breach loading rifle

The Bulgarian Army

Prussia in the Balkans

Though the smallest member of the Central Powers in terms of size, population, and military forces, Bulgaria played a vital role in the Great War.  By joining with Germany and her allies, Bulgaria became a critical supply route to the Ottoman Empire.  On the battlefield, Bulgaria’s three armies dealt the coup de grace to Serbia, the same to Romania one year later.  The Bulgarian Army mobilized in September 1915, before the declaration of war on Serbia on October 14.  Two days later Bulgarian soldiers joined their German and Austro-Hungarian counterparts in the invasion of Serbia, overwhelming the outnumbered defenders.

The Bulgarian soldiers who took to the field came mostly from peasant backgrounds.  They were trained and experienced, having fought in the two Balkan Wars.  Altogether 616,680 men were mobilized in October, numbering eleven divisions plus several independent battalions, as well as the militia.  This represented 12% of the total Bulgarian population and left only 20,000 more reservists who had not been called up - still smarting from defeat in the Second Balkan War, Bulgaria lacked manpower and material throughout the Great War, and faced a shortage of officers as well.  However, Bulgarian troops were battle hardened and generally stolid fighters; they were particularly famous for their ferocious bayonet charges.  Nikola Zhekov was the commander in chief of the Bulgarian Army throughout the war.  In total Bulgaria’s artillery force amounted to just over 1,200 guns, though ammunition was short.  In addition Bulgaria had a small naval force of riverboats and coastal torpedo craft.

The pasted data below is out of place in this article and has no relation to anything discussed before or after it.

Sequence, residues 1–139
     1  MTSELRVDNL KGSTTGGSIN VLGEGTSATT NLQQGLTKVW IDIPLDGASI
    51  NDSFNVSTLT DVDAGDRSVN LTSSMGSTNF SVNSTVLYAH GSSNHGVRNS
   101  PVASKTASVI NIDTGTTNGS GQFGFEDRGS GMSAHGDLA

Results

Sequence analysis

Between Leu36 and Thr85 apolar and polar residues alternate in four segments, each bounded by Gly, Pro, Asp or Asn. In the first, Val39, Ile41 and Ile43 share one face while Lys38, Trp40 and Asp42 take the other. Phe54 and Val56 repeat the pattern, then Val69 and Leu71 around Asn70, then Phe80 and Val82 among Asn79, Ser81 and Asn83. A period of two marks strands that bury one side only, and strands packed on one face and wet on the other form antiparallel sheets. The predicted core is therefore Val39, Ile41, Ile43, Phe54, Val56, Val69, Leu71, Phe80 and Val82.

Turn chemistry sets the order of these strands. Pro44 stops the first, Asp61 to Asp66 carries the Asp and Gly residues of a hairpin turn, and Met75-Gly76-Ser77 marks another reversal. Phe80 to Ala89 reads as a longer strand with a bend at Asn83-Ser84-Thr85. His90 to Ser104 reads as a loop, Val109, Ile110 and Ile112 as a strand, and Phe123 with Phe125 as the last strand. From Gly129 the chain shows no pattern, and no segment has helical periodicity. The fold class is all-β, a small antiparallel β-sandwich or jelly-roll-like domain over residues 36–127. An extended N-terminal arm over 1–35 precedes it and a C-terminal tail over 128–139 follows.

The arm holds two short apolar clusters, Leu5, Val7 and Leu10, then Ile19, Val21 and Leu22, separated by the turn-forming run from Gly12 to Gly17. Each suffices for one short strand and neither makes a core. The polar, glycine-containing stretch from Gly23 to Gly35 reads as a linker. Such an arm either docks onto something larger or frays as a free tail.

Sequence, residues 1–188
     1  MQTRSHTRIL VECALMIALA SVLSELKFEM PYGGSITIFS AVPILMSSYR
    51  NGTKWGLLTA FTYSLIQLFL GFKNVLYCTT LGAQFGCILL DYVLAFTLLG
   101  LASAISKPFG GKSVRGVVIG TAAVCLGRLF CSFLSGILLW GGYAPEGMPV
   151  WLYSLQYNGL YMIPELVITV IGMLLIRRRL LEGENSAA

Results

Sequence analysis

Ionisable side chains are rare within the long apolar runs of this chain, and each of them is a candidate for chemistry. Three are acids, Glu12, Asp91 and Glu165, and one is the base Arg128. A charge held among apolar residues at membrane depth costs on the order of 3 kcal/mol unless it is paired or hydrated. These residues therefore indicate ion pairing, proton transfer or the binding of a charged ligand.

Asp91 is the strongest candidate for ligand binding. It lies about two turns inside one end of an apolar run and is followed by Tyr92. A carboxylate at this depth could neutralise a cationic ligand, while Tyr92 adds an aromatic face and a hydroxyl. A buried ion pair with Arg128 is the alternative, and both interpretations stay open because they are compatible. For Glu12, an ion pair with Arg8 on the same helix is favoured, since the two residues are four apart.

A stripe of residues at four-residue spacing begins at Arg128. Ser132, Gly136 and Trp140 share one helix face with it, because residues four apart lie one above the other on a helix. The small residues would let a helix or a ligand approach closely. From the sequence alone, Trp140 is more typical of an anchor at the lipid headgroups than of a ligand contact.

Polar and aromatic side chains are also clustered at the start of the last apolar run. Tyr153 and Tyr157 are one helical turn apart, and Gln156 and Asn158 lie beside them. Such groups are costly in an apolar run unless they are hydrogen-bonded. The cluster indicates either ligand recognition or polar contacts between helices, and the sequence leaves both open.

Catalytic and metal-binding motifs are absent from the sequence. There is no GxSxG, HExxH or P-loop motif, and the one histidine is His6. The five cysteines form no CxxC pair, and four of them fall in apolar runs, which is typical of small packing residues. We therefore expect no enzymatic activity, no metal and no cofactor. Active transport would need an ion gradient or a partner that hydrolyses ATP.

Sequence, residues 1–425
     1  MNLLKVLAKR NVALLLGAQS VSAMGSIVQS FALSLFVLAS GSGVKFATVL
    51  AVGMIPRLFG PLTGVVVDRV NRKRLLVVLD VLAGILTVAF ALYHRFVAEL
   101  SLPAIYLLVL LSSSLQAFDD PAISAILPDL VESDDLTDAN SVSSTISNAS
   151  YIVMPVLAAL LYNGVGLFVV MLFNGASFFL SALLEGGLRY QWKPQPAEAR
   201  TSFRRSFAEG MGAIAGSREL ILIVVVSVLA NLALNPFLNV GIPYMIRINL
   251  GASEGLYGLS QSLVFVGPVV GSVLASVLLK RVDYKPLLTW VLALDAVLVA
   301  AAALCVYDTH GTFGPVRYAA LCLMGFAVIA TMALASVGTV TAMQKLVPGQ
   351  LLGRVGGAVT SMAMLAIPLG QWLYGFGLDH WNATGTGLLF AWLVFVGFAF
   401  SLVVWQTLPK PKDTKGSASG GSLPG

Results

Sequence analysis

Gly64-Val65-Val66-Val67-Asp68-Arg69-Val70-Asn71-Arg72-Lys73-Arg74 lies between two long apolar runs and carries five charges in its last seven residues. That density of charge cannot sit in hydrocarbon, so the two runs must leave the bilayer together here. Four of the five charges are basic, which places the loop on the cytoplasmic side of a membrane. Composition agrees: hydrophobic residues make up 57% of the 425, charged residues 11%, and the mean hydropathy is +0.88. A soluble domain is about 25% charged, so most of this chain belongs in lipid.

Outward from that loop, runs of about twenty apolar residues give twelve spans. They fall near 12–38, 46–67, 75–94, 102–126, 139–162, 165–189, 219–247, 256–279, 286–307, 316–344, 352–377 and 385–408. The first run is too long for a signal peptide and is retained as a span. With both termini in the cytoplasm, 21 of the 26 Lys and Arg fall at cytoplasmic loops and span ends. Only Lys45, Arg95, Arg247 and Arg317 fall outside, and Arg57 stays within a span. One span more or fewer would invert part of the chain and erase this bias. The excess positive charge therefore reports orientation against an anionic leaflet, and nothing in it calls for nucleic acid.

Bulgarian troops wore brown tunics and field caps similar to those worn by the Russians and the British, a cockade bearing the national colors, white, green, and red, pinned in front.   Red shoulder straps and a red stripe on the cap denoted an infantryman, other arms used other colors.  The most distinctive feather of the Bulgarian soldier were his shoes, traditional pieces of footwear called opanak. Most Bulgarian infantry carried the Mannlicher M95 straight-pull bolt-action rifle, the same as used by the Austrians, but, lacking enough to equip every unit, the military issued outdated weaponry to other soldiers, including the Berdan II single-shot rifle, and the breach-loading Krnka Rifle.  Officers used Luger or Smith & Wesson pistols, while the cavalry carried sabres and carbines.  The Maxim gun, adopted in 1908, provided a heavy machine gun.  The Germans also sent supplies to their allies, including ammunition, Mauser rifles, and, after 1916, steel helmets